Community Board 1 rejected the $1.2-billion redevelopment of the old Domino Sugar factory on Tuesday night.
The 23-12 vote backing the board’s land-use committee vote last week is the second hurdle for the Community Preservation Corporation, which will need the support of Borough President Markowitz, the City Planning Commission and the City Council to build a multiple-skyscraper project along the Williamsburg waterfront that is larger than the zoning currently allows.
At the board meeting, CPC representatives continued their promise to price 30 percent of their 2,200 units at below-market rates. That 30 percent is higher than the required 20 percent set forth by the 2005 Greenpoint/Williamsburg waterfront rezoning, but CB1 members said they wanted more from the developers — including a pledge to help create better transportation around the growing western edge of Williamsburg; permanent affordability; reduced building density; and more open space among them.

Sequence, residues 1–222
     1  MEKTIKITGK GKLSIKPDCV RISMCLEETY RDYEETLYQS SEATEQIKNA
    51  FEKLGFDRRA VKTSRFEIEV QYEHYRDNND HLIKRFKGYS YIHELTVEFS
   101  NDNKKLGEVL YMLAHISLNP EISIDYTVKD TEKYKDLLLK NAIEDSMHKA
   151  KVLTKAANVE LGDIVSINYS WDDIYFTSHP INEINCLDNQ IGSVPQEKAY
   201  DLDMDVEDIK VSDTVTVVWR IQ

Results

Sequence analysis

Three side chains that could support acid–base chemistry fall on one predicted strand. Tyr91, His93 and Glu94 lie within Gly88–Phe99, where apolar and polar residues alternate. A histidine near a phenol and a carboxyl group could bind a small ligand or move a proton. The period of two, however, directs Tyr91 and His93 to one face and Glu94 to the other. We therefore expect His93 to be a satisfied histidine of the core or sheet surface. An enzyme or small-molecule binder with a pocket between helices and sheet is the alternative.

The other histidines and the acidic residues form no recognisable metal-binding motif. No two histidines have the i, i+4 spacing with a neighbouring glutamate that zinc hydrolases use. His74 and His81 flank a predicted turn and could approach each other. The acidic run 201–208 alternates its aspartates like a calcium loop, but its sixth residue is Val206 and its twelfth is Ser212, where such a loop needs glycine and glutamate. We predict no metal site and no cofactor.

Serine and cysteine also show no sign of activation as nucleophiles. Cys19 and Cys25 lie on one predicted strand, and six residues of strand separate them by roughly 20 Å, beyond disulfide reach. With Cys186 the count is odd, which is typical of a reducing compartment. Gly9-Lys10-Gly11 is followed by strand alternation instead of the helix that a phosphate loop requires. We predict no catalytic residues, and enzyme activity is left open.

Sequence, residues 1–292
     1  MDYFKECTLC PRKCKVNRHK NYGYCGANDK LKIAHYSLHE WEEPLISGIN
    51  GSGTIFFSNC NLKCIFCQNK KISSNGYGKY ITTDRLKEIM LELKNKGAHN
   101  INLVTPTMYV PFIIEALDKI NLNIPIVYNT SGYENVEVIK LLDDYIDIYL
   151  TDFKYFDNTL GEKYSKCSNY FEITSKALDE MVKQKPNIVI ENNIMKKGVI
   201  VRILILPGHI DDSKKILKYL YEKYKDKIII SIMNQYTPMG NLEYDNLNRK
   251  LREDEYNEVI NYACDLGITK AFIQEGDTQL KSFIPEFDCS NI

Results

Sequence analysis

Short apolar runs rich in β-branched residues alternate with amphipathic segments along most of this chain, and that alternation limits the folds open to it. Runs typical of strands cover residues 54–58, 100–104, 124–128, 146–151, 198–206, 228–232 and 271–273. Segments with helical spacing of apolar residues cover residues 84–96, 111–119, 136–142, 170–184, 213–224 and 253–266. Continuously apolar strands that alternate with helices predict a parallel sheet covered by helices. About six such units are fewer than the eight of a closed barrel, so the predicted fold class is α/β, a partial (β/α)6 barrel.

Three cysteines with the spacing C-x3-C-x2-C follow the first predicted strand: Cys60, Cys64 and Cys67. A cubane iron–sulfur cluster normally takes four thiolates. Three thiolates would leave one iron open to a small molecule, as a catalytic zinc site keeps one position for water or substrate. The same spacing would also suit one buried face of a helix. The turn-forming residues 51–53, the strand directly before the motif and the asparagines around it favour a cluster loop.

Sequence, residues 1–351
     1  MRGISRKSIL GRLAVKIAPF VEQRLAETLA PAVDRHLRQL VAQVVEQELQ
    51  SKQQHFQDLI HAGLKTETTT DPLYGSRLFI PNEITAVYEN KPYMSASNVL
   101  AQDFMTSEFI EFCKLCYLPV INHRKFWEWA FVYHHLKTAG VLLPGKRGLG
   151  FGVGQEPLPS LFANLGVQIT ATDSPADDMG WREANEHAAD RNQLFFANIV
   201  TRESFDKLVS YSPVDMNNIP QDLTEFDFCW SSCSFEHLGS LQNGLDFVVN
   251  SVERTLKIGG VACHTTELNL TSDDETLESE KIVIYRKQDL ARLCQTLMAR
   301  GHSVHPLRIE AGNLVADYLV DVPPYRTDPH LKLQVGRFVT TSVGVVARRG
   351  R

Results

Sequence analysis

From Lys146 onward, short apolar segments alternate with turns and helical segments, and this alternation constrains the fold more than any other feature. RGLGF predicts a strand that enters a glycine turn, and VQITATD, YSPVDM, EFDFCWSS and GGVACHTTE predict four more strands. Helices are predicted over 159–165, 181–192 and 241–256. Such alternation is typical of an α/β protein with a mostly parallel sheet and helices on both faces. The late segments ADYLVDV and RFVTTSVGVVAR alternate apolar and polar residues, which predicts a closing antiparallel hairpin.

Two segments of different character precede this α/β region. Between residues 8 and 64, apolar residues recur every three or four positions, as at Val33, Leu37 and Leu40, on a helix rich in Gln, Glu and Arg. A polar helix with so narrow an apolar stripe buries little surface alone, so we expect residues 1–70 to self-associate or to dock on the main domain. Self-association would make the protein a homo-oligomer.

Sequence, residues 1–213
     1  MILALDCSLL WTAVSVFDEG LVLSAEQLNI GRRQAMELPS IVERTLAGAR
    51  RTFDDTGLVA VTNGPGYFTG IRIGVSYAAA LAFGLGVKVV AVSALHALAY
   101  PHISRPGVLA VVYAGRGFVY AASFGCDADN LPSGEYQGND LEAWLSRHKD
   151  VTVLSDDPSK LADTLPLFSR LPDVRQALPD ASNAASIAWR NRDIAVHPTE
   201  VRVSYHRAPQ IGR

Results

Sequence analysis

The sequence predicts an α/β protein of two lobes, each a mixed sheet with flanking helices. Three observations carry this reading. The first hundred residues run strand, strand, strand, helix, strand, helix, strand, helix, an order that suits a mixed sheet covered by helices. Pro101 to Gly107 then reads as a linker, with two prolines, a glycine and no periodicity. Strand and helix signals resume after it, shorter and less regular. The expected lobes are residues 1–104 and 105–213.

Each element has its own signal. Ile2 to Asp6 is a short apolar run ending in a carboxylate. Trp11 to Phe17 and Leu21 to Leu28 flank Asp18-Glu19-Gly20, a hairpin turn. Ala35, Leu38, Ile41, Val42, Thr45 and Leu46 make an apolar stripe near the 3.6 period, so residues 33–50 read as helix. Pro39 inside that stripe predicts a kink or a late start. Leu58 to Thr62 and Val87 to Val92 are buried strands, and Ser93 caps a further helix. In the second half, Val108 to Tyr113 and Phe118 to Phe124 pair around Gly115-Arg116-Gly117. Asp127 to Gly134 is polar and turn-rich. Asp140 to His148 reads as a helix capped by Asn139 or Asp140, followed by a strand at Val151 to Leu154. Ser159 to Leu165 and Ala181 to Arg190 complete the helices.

Developers said that many of the board’s questions have been answered already.
“We’re working with a great project, and we’re committed to permanent affordability,” said Susan Pollock, senior vice president of the development company, which bought the site just north of the Williamsburg Bridge in 2004 after Domino shut down operations. “We’re going to continue fighting.”
The community board vote is merely advisory to Markowitz’s decision, which could come after his public hearing on Thursday. The borough president’s decision may simply be a suggestion, too, considering that the City Planning Commission just voted contrary to his rejection of the Rose Plaza complex, also on the Williamsburg waterfront.
Along with promising affordability, Pollock has been straightforward with her discussion of density — without the rezoning to allow for lucrative tall towers, the 30 percent affordability could not happen.
“The density of this project is required in order to make the entire program work,” she said at the land-use committee meeting last month.
She added that CPC is willing to make changes to the six-phase project if the system of housing and retail space in the first site — the refinery’s former parking lot on Kent Avenue between South Third and South Fourth streets — doesn’t work as planned.
But as for Community Board 1, the consensus followed the committee’s main question: will the Domino project actually benefit the neighborhood as a whole?